logo-coca-cola.jpg

By Dr Casper Durandt
Head of Technical SAF
Coca-Cola Africa Pty LTD

High rates of urbanisation and steady economic growth means waste generation is an ever-increasing issue across Sub-Saharan Africa. Like many other countries in the region, South Africa is under pressure to develop and create the right waste management infrastructure, policies and response to the problem. Everyone needs to come together to help solve it – government, the private sector and civil society.

Of course, it’s tempting to romanticise a world without packaging – surely if we stopped producing, glass, tins and plastic bottles, people, and the planet would be better off? But this ignores some of the benefits of food and beverage containers help reduce food spoilage and waste, improve affordability of foodstuffs and flexibility of portions, as well as limit the spread of disease.  We need to maintain these benefits while striving to continually minimise the impact of waste.

Polyethylene terephthalate (PET), commonly known as the plastic of which most beverage bottles are made, has captured the headlines.  Although it is estimated that PET bottles account for less than 18% of plastic waste leaking into the ocean and the environment, they are a very visible part of the issue for consumers and stakeholders, according to a 2015 report Stemming the Tide: Land-based strategies for a plastic - free ocean.

Because it is lightweight, tough, transparent and waterproof, PET has advantages over other packaging materials such as glass (heavier to transport) and tins (more energy intensive to produce). According to the British Plastics Federation, studies have also shown that if plastic packaging had to be replaced by other materials, it would lead to 2,7 times more greenhouse emissions over their lifetime compared to other materials.

Certainly though, more can be done to reduce packaging waste globally. Beverage companies also have to consider new strategies of operating if the packaging problem is to be dealt with sustainably.

Addressing the proliferation of waste in our environment requires a three-pronged approach – designing of more recycling-friendly packaging; improving collection rates; and partnering with other organisations, communities and governments to ensure infrastructure is established, appropriate policies developed and attitudes towards littering and recycling changed.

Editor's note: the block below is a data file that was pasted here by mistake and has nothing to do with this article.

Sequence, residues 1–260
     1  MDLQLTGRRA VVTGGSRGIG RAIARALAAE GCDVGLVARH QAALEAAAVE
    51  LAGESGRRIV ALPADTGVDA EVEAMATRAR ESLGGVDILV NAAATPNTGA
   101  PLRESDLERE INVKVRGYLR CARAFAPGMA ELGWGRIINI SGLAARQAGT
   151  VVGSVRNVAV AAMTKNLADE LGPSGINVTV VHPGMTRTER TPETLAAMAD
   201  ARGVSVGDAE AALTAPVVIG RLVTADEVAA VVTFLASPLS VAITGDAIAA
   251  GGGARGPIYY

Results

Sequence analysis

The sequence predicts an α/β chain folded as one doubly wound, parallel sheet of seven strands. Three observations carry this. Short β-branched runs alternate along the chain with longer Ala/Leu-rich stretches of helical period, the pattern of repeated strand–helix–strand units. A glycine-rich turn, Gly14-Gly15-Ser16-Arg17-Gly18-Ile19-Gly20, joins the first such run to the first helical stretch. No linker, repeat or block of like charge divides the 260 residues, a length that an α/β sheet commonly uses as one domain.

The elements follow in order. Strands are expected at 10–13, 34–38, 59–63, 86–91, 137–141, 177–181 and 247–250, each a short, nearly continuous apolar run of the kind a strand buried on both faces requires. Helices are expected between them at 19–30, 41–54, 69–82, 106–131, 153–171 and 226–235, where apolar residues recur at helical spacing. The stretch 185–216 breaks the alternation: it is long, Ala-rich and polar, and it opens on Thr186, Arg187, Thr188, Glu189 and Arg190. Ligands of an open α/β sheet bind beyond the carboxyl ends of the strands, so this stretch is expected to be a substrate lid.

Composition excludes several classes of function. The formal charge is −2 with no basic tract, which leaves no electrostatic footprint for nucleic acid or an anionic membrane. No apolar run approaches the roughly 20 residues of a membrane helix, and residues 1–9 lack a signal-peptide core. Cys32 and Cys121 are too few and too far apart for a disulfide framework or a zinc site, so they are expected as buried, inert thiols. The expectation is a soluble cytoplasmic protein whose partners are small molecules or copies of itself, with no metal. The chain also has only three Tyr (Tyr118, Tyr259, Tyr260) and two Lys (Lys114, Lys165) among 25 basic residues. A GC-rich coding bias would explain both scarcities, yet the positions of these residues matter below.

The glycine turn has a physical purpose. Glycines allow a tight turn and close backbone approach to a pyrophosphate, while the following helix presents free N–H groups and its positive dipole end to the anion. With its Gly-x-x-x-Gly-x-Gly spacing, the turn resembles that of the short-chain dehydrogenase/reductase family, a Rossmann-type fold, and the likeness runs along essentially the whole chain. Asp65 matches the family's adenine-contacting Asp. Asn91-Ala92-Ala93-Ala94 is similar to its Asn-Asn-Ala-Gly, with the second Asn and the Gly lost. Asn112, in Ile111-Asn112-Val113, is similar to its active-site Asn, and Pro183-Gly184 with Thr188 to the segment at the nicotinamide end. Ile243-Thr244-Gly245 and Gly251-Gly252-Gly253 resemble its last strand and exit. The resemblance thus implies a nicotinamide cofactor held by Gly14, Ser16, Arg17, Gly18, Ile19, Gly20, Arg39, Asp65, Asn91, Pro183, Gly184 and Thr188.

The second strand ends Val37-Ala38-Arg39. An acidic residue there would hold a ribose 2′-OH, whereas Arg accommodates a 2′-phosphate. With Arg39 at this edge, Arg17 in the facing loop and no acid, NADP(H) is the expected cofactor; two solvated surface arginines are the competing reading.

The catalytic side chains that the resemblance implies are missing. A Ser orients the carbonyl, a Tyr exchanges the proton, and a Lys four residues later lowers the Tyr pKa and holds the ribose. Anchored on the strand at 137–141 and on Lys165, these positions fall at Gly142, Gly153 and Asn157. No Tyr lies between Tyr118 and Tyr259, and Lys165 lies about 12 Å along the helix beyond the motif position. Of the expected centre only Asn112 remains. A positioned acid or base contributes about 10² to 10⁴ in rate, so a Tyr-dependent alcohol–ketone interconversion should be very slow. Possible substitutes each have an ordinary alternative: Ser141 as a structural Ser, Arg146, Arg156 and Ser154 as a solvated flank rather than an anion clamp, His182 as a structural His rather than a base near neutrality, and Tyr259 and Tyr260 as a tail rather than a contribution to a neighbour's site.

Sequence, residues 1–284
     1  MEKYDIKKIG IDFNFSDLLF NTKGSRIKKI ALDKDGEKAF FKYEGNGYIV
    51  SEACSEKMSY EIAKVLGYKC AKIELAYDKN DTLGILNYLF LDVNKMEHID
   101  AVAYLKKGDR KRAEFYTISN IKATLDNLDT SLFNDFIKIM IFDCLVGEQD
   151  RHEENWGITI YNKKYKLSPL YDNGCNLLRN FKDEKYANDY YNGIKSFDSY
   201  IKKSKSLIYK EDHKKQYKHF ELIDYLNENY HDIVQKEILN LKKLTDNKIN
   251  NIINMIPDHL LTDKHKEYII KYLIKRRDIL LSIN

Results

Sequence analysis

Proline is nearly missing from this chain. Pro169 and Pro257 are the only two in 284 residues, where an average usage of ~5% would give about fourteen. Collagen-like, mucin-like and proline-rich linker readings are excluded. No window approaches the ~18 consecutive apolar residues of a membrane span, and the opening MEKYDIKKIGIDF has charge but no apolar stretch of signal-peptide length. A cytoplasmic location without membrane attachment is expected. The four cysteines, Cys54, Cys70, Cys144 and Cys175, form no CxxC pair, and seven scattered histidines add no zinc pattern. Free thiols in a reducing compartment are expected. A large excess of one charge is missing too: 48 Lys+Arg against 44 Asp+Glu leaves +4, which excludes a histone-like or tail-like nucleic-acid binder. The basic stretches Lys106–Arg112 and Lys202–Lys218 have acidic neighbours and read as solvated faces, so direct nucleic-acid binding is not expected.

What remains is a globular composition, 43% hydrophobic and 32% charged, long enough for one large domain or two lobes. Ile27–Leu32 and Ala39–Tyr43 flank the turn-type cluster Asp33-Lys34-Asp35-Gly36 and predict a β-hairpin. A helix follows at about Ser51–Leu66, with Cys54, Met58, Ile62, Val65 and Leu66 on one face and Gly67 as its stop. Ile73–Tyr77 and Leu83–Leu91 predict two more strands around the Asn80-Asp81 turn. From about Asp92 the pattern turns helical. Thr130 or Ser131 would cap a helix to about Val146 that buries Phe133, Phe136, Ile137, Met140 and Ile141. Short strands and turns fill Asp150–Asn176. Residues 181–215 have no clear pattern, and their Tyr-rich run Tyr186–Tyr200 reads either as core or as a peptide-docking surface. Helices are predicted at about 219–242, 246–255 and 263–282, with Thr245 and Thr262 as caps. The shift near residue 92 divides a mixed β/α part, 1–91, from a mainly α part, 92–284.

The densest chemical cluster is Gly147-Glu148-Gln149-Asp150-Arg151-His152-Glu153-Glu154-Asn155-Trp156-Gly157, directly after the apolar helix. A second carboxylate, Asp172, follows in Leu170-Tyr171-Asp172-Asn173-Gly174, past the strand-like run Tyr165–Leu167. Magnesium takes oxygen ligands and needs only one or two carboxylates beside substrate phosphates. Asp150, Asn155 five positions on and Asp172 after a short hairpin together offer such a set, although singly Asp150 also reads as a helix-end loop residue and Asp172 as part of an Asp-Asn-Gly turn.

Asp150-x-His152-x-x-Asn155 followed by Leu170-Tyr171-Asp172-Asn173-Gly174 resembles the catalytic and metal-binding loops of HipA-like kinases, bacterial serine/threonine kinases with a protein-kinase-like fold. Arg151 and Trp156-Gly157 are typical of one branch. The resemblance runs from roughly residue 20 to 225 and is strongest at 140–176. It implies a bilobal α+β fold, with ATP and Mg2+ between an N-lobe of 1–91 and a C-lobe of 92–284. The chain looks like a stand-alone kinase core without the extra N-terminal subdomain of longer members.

Coca-Cola’s new packaging vision for a World Without Waste, fundamentally reshapes the company’s approach to packaging, with a global goal to help collect and recycle the equivalent of 100% of its packaging by 2030.

The first technical aspect being addressed is minimising waste through design – whether it’s using more recycled material in beverage bottles; ensuring that they are 100% recyclable; reducing the amount of plastic in each container (light-weighting); developing plant-based resins; or experimenting with ways to eliminated packaging altogether - the goal is to set a new global standard for beverage packaging.

Other examples include intelligent design such as Coca-Cola’s Eco-Twist bottle, which can be compressed easily to take up less space in the recycle bin and developing a new cap and protective coating for Coca-Cola’s ‘Tiny But Mighty’ bottle in India to preserve carbonation during transit and extend shelf life. These are some of the ways scientists and packaging buyers are working with innovation labs, environmental experts and mainstream suppliers to develop new, modern packaging that make products more sustainable. These innovations aim to set a new global standard for beverage packaging.

Coca-Cola has also reduced dependence on fossil fuels by introducing the PlantBottle packaging in 2012 in South Africa. It is the first fully recyclable PET plastic bottle made with up to 30% plant-based materials. The goal is to increase the use of sustainable plant-sourced material in our packaging over time.

Refillable packages of all kinds may play a role in offering packaging choice in many markets.  These will be evaluated alongside other ways to bring more sustainable choices to the marketplace for consumers.

Improving collection rates is a more complex issue. It requires partnerships with municipalities and suppliers, as well as educating consumers about recycling.  Improving the recovery and recycling rates of all packaging requires the collective will and collaboration of everyone – including consumers, government and private sector.  Beverage companies need to work closely with bottling partners, local and national authorities, and recycling partners to improve the collection and local recycling rates of cans, plastics and glass bottles.